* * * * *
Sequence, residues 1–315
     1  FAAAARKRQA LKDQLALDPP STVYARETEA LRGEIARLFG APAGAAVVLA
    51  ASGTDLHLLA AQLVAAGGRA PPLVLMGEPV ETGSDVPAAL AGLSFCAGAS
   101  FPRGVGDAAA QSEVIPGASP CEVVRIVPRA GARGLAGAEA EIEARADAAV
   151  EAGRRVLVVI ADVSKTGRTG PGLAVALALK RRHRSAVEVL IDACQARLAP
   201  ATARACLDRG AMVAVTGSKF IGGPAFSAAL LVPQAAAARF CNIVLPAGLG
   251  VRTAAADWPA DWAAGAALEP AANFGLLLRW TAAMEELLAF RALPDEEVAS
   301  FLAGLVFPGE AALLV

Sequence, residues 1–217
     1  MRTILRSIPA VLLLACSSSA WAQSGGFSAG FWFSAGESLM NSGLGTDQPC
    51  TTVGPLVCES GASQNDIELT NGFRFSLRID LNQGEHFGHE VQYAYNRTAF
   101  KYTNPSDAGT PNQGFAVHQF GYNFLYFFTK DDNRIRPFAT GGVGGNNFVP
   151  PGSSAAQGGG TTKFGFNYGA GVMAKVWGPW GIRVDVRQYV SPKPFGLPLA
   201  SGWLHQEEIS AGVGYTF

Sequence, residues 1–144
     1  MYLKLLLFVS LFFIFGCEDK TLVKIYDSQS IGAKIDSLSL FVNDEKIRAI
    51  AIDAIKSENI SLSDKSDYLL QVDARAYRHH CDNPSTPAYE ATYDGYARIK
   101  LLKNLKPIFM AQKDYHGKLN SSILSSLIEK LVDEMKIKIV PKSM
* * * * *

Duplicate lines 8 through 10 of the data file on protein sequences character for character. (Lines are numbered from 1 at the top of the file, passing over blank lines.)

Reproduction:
   301  FLAGLVFPGE AALLV

Sequence, residues 1–217
     1  MRTILRSIPA VLLLACSSSA WAQSGGFSAG FWFSAGESLM NSGLGTDQPC